In a physical classroom, a range of Cooperative Learning Strategies are used engage students to brainstorm, discuss, collaborate, etc. to construct knowledge.

Still in the physical classroom, now with every child equipped with a computer in front of them...
How has this "classroom setting" change the way we employ similar cooperative strategies in a technology-enhanced environment?
(with students continue to be engaged in face-to-face discussion, etc)

1 comment:

johndarcy said...

cooperative learning, collaboration, group work are all maximized when face-to-face environments are enriched with digital resources.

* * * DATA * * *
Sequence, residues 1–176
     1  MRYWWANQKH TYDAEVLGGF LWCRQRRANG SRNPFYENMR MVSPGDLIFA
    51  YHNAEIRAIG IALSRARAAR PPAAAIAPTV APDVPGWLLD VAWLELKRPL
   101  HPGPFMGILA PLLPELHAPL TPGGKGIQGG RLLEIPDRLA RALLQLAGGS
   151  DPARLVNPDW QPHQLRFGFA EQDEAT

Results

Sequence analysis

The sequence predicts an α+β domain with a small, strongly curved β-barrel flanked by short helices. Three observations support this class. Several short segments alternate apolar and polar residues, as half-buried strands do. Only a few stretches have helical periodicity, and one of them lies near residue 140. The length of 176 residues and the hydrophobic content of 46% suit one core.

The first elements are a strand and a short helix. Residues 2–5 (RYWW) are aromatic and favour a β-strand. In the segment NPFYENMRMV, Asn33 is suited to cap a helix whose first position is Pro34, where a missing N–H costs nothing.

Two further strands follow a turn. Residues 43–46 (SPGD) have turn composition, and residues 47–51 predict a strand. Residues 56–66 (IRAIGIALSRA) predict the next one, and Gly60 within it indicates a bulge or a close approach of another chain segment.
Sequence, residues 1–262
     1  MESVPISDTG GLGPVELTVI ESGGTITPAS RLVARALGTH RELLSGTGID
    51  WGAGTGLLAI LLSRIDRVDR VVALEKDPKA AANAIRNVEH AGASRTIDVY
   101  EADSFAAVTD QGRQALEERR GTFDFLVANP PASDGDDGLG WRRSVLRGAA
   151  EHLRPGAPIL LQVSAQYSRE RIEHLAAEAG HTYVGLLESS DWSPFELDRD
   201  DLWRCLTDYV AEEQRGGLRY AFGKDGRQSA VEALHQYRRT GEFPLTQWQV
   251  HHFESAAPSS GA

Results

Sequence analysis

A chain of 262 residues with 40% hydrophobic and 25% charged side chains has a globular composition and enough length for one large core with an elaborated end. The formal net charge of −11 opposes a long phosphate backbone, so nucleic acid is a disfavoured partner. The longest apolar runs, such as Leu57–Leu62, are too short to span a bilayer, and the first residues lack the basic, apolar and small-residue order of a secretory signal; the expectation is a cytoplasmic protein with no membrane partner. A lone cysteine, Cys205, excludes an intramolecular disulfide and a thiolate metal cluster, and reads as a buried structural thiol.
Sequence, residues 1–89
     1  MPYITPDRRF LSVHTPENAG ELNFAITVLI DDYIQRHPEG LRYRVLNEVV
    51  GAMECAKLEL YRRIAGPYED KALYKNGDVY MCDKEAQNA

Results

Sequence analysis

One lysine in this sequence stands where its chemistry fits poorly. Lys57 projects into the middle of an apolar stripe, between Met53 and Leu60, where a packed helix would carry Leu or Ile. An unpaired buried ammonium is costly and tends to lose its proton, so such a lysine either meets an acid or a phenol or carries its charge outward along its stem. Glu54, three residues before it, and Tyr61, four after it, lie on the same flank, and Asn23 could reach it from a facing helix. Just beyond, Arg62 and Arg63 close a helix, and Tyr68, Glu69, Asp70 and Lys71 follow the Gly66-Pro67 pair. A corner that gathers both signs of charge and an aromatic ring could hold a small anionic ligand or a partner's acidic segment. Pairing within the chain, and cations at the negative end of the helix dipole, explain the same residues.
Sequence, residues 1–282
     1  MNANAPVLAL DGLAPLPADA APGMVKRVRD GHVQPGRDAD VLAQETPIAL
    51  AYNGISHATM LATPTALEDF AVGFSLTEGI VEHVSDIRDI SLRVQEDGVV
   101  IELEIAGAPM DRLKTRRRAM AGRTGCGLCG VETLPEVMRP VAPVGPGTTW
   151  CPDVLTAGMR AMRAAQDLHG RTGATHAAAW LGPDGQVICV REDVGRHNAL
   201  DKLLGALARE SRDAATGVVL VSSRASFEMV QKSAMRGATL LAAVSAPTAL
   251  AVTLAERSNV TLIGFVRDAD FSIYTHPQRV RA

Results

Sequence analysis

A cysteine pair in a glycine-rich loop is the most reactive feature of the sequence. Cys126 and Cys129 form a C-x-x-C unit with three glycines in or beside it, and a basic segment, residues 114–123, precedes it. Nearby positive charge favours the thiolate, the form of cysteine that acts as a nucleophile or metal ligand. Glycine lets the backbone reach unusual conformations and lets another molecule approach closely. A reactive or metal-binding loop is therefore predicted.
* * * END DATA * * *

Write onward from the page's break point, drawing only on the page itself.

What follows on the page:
It is important to recognize that the inclusion of technology does not mean the exclusion of face-to-face. This is a misconception that many parents will need clarified. Digital tools enhance efficiencies allowing teachers to focus greater attention on core learning expectations and higher-order thinking experiences.

Digital tools help students organize, manage, archive, revisit, replicate, communicate, distribute... their ideas and new knowledge that come from brainstorming and cooperative work... ultimately, if given the opportunity by the teacher, to help them construct new knowledge